Hayrides And Pumpkin Carving Contests

It seems like some of the things that can be done in the country are traipsing through pumpkin patches, hopping on the back of a wagon for a hayride, and participating in different types of contests. The arrival of the fall season signals the end of summer and ushers in a myriad of opportunities for locals to participate in.

One of those events is the iconic Pumpkin Carving Contests that abound throughout rural America this time of the year. That is, everywhere but the area that I live in. I searched for a local contest but found none. Maybe it is something I should make happen.

The picture above shows my wife holding a large pumpkin that I carved for a contest sponsored by her city hall cohorts where she last held a job. It took place in Mandeville, Louisiana, just across Lake Ponchartrain north of New Orleans. That particular entry was declared the winner, but I must confess I copied the design from the picture of another pumpkin I saw online that was imbued with similar characteristics. I did another pumpkin the following year, but it didn’t have design features that compared with that first one and didn’t turn out as good. Having said that, I sort of miss participating in that event now, but I see the craze is still popular elsewhere.

Thoughts On A Country Style Contest

I am writing this article on the actual day of Halloween. I was inspired by an article that covered some crazy carvings that were truly outlandish. One had the look of an anglerfish with huge formidable looking teeth. Another one imitated ET in a blanket.

I looked on the internet for pumpkin carvings that were creative but still looked like pumpkins. To my surprise they were hard to find. I looked for hours but only picked out a few that I thought would satisfy the requirements. I am showing them below.

If I did conspire to initiate such a contest, the rules for the event would be as follows:

  • The pumpkin can be any shape
  • Cannot be bigger than one that can be carried by a man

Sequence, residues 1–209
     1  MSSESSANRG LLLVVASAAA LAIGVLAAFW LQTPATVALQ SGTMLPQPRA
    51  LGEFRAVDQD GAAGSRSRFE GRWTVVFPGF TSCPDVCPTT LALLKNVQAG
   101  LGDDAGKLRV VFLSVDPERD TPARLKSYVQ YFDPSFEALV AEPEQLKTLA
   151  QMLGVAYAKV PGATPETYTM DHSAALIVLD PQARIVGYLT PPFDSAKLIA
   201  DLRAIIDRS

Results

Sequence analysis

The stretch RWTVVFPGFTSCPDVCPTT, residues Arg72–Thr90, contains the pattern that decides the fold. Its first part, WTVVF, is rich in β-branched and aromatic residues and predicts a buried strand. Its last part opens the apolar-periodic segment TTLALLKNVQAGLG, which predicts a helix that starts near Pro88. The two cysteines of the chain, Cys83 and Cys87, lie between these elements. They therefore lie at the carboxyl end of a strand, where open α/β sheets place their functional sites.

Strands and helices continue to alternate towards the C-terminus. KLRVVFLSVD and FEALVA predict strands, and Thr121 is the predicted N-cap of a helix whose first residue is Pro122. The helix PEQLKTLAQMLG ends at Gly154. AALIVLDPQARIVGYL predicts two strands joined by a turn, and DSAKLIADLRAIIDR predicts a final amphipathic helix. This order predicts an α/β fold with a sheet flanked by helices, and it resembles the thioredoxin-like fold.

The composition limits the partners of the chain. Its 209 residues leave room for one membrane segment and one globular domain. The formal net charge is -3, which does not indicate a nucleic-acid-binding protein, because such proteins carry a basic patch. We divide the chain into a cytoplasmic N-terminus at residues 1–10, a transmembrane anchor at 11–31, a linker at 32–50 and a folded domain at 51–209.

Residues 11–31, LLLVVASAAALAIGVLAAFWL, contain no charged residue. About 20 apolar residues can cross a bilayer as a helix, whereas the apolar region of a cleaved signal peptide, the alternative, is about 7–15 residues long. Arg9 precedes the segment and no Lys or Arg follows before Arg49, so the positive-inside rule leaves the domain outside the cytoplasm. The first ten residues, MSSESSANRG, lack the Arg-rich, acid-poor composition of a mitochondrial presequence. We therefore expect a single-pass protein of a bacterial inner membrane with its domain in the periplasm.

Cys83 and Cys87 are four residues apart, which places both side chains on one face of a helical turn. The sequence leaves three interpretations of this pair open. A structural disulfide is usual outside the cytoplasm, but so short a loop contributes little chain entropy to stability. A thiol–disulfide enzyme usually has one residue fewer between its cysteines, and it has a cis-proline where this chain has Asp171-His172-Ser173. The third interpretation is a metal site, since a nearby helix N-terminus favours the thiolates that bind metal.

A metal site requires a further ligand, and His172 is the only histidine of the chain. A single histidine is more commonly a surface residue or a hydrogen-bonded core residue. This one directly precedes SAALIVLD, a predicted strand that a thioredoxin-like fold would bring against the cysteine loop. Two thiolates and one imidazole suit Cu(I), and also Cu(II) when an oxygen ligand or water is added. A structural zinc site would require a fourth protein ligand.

• The carving must use only intrinsic parts of the pumpkin shell
  • It must be recognizable as something carved from a pumpkin when done
  • Inside lighting can be a candle or battery-powered light
  • No external paraphernalia can be added
  • All artwork must be carved in and not painted on
  • Can only use a knife or related manual carving tool
  • There should be an adult division and a supervised children division

I suppose these rules would be out of sync with current trends, but they would give everyone a chance to win. Expensive add-ons would be prohibited.

Old Fashioned I Suppose

Some of the artwork that you see on various websites and internet searches is awesome. I don’t know how some pumpkin carvers can go through all the work they do on a perishable item. You can see that the masterpieces are labor-intensive endeavors, only to have them trashed on November 1st, or soon thereafter unless preserved somehow.

If young budding artists are to compete, they need to have a fighting chance. If it is going to be a county sponsored event, parents are going to be involved. It could be a nice time to bond with your kids. Working with knives or carving tools is dangerous, so supervision with dual participation would be necessary.

If this is fuddy duddy thinking, I guess I am guilty. As a city slicker I did not care much for the country events that shape rural living. Now that I am countrified, I see things in a whole new light. Events here are usually done with friendly folks more or less, and they can be interesting personalities, to say the least.. Maybe I will get more involved with them as time goes on, and a pumpkin carving contest would be a nice start.

PS: If you have some interesting photos of carved pumpkins I would be happy to see them and maybe include them in a future update. Your inclusion of a story behind them would be that much more interesting.

I am requesting that my readers click on the links provided and download a sample read of each book and give a review on Amazon. You will have free access to the first four chapters of each book. My hope is that you will like the story lines enough to obtain either an eBook version or a paperback copy that you can put on your bookshelf as a masterpiece when you are done. FATE STALKS A HERO I: RESURGENCE, FATE STALKS A HERO II:THE FIJI FULCRUM, and THE SAGA OF HERACLES PENOIT. I will be giving excerpts on these works in upcoming blogs to familiarize you the reader with exciting details about the contents of each one. Thank you!


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